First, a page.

Mr. AL-KHALIDI: The problem with us now, we don't have political leaders with enough, let's say, popularity within their communities. The only thing that empowers them is the sectarian issue. They won't stop. They just won't stop. They want it all.
FLINTOFF: Khalidi says he thinks people of both sects would accept a political solution, but that unlike the powerful Shiite coalition, the Sunnis don't have a unified political group that can negotiate in their name.
If the two sides can't reach a political settlement, the results could be dire. During a visit to Washington last week, Iraqi Vice President Tariq al-Hashemi, a Sunni, warned that, like Somalia, his country could be wrenched into polarized enclaves.
Mr. TARIQ AL-HASHEMI (Vice-President, Iraq): We would have at least two extremist anti-American ministers in Iraq, one aligned with Iran in the south and another like Taliban in the center. Both ministers will cause chaos and (unintelligible) in the neighboring states.
FLINTOFF: Ashraf al-Khalidi says the neighboring states and the United States have already created hell in Iraq with what he calls their meddling. Far from engaging Iran and Syria, as the Iraq Study Group recommends, Khalidi has one message for Iraq's neighbors.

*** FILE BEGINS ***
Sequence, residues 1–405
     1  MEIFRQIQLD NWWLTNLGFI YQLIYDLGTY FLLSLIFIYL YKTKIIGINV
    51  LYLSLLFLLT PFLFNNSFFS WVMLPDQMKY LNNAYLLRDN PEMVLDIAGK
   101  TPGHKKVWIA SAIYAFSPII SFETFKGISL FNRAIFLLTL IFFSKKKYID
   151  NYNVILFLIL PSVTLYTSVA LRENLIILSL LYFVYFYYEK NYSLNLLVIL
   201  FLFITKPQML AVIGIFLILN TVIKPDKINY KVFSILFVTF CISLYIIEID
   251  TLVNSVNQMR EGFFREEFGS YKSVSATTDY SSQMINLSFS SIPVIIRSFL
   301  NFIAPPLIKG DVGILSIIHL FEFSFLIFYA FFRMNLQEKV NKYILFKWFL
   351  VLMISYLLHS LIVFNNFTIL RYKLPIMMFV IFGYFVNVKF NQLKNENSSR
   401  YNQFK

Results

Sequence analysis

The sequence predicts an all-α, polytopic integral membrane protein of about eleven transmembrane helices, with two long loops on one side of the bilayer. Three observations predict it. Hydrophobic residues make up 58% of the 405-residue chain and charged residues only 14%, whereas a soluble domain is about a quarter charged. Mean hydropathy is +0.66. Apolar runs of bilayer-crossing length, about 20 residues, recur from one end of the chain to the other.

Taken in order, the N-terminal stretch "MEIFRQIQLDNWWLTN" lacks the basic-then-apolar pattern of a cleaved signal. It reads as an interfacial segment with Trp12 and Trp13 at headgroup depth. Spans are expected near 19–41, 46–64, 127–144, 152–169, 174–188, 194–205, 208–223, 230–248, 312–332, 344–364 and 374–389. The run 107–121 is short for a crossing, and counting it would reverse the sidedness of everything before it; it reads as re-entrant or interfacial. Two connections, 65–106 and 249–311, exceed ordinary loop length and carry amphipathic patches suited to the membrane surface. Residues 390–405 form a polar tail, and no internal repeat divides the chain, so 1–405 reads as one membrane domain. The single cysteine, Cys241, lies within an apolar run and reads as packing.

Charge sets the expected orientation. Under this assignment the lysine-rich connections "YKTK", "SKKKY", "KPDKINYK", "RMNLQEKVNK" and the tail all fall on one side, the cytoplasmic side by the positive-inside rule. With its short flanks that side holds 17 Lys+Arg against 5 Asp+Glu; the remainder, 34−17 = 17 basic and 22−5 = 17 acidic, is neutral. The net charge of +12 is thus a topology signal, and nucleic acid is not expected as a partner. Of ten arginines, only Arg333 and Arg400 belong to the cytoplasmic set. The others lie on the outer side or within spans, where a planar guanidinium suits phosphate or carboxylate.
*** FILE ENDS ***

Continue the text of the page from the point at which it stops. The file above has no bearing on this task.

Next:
Mr. AL-KHALIDI: Stay away from Iraq. All the interference in Iraq is negative and these countries are just pushing their political influence in Iraq. It's an open war between the United States and Iran on Iraqi ground. And most of what's happening now is part of that war.
FLINTOFF: Khalidi says that most of the sectarian problems started when the U.S. began to hand security responsibilities over to Iraq's Shiite-dominated government. Although he's a Shiite himself, Khalidi says Shiite control of security was bound to be seen as unfair by the Sunnis.
Sunni lawmaker Emil al-Khadi says the United States is ultimately responsible for the chaos in Iraq and is honor-bound to fix it.
Dr. AL-KHADI: (Through translator) The point we have reached is because of the Americans and the occupation. So they have to find a solution for us. They have to put pressure on the Iraqi government, real pressure to disband the militias.
FLINTOFF: Khadi says she's sick of discussions and promises and wants action. In her words: What we hear is good, but what we see is dreadful.
Corey Flintoff, NPR News, Baghdad.